Author Topic: In the New Yorker...  (Read 2190552 times)

Offline Jeff Wrangler

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Re: In the New Yorker...
« Reply #2940 on: December 14, 2021, 02:43:18 pm »
I just started Rebecca Mead on Pompeii. I was gratified to see her still refer to that incredibly venerable British institution of higher learning as Cambridge University and not, as I've seen recently, the University of Cambridge.

(I've also seen the University of Oxford. No.)
"It is required of every man that the spirit within him should walk abroad among his fellow-men, and travel far and wide."--Charles Dickens.

Offline serious crayons

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Re: In the New Yorker...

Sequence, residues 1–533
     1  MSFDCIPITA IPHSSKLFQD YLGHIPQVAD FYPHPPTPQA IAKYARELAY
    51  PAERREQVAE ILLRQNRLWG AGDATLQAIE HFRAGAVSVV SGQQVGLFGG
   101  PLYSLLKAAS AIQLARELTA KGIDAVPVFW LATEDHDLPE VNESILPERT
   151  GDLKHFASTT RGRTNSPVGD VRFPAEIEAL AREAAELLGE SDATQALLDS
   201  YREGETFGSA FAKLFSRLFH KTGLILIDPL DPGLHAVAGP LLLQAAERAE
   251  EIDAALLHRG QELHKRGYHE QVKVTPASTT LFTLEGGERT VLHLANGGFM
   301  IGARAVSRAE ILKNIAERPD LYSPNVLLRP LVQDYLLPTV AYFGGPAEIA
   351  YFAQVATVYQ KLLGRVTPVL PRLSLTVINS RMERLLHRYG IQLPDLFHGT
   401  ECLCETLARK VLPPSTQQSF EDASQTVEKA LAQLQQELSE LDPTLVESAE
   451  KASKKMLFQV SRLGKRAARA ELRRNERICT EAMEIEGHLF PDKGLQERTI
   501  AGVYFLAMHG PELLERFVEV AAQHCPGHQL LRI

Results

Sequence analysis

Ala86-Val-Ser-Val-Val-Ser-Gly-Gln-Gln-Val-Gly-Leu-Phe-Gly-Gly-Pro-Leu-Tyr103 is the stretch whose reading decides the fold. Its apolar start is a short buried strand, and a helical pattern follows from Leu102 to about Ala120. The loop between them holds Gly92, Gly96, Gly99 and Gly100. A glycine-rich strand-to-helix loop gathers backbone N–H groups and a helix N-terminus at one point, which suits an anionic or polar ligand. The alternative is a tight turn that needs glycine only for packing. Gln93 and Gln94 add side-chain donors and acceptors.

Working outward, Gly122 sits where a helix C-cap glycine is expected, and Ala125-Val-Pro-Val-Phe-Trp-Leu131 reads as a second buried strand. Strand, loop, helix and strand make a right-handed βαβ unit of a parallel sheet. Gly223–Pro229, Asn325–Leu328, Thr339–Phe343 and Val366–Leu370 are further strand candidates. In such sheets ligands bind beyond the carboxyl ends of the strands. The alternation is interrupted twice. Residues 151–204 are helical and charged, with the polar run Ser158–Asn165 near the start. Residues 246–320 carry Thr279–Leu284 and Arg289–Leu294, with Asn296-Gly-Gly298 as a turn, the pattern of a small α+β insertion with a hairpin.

« Reply #2941 on: December 14, 2021, 10:02:48 pm »
I just started Rebecca Mead on Pompeii. I was gratified to see her still refer to that incredibly venerable British institution of higher learning as Cambridge University and not, as I've seen recently, the University of Cambridge.

(I've also seen the University of Oxford. No.)


Well, she's British, so.



Offline serious crayons

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Re: In the New Yorker...
« Reply #2942 on: December 14, 2021, 10:09:16 pm »
Did I say it was scandalous? I don't remember saying that. I know Jo March was thought to stand in for the author, Louisa May Alcott, and there were several things about Alcott that were scandalous at the time, according to this article.